What If It Was You?


Lily Gong, Features Editor

Netflix’s hit show “You” follows Joe Goldberg, a young, attractive New Yorker who manages a bookstore, helps neighborhood kids and commits the occasional murder.

Its immense viewership is largely attributed to Joe’s charismatic, likeable nature. The show’s pilot begins with an “American Psycho”-esque monologue that creates a sense of familiarity with his character and makes the viewer feel comfortable with him. In the first season, Joe meets his love interest, Guinevere Beck, at the bookstore he works at and feels an immediate attraction to her. Beck, a grad student and aspiring writer, sparks Joe’s interest with her impressive taste in books, which leads him to the logical next step — stalking her on social media.

As the series progresses, Joe’s actions become increasingly ethically questionable and extreme, though his status as a personable white male makes it easy for viewers to sympathize with him. Joe repeatedly presents as the classic “good guy,” as he goes out of his way to help his neighbor, Paco, who struggles with a tough family life or “saves” his new girlfriend from a terrible ex — by killing him.

The series continues to show Joe’s actions as positive, so that when he commits his first murder, the crime seems rational, even justified. The viewer can easily validate Joe’s actions, and begins to root for him.

The true crux of the show and Joe’s personality take advantage of how society frequently romanticizes abusive behavior. Although Joe may be an extreme example, his actions mimic those of a classic male protagonist in many popular romantic comedies. His (mostly) honorable intentions and good-guy nature lend themselves to an overall likeable character.

Joe’s obsessive nature draws him into the social media world to gather more information about his victims in order to tailor his personality to best suit them. He then uses his new insight to woos his targets with his manufactured personality. He takes his social media usage to the next level in season two, when he installs spyware on a phone belonging to Ellie, the 13-year-old sister of his building manager. Ellie parallels Paco in the sense that Joe takes both of them under his wing — at least, that’s what Joe believes. The spy software enables him to read her texts with the famous comedian Henderson, a Harvey Weinstein-type sexual abuser who uses his fame to lure unassuming girls, whom Joe ultimately murders to protect Ellie. Henderson’s death further illustrates how the viewers are led to see the situation through Joe’s twisted perspective.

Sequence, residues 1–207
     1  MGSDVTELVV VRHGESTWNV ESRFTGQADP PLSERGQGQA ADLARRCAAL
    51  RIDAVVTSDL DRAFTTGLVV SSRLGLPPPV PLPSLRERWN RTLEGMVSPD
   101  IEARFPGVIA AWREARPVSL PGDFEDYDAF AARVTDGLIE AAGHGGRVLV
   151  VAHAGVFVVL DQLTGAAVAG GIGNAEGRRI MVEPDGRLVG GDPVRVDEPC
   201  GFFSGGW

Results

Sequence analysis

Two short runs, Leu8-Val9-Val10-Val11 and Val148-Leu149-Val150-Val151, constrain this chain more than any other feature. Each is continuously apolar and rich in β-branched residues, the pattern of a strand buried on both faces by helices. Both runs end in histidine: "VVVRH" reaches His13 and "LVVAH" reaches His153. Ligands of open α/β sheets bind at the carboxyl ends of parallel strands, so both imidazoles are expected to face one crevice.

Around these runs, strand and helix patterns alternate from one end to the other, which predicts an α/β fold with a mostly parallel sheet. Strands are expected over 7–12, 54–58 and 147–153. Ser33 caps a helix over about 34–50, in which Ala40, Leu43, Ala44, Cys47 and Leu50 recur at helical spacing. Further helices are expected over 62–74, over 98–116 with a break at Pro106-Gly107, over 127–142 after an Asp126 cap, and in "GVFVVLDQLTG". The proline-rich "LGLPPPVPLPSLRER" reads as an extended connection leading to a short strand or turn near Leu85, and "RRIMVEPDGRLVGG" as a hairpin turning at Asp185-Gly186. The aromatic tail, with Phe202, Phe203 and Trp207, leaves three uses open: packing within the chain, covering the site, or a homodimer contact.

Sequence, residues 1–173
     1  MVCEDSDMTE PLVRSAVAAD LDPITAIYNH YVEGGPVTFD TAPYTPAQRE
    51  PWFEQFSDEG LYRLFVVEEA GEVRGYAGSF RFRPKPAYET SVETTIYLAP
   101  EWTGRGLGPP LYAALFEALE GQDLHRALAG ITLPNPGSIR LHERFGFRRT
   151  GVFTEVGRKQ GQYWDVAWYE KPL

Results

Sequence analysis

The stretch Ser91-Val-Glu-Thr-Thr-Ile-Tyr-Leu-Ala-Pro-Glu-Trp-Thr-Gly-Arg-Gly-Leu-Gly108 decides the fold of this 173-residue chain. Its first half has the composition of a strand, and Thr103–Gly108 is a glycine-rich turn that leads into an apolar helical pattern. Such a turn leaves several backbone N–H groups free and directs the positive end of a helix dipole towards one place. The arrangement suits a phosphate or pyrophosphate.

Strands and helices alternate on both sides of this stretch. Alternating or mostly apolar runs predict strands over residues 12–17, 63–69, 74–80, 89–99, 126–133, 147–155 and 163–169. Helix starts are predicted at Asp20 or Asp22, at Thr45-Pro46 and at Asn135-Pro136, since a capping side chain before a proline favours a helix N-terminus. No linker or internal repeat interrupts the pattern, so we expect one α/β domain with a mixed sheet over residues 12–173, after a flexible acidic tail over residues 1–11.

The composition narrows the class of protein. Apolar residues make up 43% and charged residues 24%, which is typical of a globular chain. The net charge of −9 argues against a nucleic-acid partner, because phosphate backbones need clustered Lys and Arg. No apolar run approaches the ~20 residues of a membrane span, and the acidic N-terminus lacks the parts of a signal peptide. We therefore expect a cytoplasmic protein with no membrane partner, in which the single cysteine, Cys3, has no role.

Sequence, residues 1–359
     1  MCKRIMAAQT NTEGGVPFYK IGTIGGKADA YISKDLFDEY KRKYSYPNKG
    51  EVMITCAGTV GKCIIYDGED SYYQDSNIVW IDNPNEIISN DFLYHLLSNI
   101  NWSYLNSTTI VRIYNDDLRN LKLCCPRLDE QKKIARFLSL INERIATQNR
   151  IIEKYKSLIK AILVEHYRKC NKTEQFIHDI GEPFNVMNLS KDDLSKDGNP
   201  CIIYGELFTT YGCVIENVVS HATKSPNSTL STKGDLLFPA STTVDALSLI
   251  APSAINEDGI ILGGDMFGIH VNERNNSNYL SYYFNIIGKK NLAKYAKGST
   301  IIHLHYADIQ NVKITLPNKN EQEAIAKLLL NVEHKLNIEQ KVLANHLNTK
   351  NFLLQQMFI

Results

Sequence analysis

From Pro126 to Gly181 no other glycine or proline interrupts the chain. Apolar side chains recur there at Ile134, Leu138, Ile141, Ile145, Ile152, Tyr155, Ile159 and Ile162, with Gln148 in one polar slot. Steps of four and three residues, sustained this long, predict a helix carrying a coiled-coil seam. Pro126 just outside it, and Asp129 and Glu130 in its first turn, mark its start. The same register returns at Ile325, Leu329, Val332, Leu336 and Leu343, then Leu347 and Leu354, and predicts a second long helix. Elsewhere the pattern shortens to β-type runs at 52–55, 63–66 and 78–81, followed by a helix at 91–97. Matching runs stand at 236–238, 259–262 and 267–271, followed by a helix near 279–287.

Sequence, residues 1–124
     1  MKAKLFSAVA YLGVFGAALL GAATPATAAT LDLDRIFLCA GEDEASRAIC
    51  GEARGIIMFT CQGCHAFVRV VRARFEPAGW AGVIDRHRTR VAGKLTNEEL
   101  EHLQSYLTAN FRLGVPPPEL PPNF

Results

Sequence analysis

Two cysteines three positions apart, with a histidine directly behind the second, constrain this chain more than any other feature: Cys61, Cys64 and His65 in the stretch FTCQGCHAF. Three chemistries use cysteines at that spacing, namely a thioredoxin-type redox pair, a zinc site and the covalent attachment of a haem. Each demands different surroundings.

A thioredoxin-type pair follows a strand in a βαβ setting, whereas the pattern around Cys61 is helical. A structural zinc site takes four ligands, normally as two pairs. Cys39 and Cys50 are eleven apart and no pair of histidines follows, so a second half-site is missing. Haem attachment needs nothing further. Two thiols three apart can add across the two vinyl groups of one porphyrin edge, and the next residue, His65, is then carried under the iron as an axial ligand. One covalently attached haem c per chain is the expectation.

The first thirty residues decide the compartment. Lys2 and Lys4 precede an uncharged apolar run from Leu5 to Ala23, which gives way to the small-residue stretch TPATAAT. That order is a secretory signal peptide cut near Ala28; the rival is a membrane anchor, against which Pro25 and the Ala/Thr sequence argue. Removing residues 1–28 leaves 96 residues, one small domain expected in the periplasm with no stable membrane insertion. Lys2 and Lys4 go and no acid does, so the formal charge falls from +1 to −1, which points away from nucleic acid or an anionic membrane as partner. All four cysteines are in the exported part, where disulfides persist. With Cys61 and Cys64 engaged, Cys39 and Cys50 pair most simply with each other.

Using social media, Joe stalks his girlfriends, exploiting the vulnerability of people who make private details public. Similarly to how Joe morphs his personality, teenagers today may feel compelled to manufacture a social media presence, a facade to create the illusion of a perfect life. Although social media is intended to provide insight into someone’s life, it is often curated with misleading positive images.

For instance, popular social media app Snapchat includes the feature SnapMaps, which places those who opt into using it on an eerily specific map of the world. SnapMaps allows the user to zoom into a person’s location, down to a specific building, potentially exposing them to anyone who wants to stalk or harm them. Junior Samantha Yawitz expressed her concern over the safety of SnapMaps: “It’s honestly scary. Anyone could potentially have a stalker like in ‘You’ and have no idea.” This spans almost all social media sites where anyone with a public profile is automatically exposed to the world.

Joe is an extreme example of this phenomenon, but as social media pervades every inch of our day-to-day lives, our online and physical security become increasingly jeopardized. In a time where anyone can find nearly anything about someone else, privacy is becoming extinct.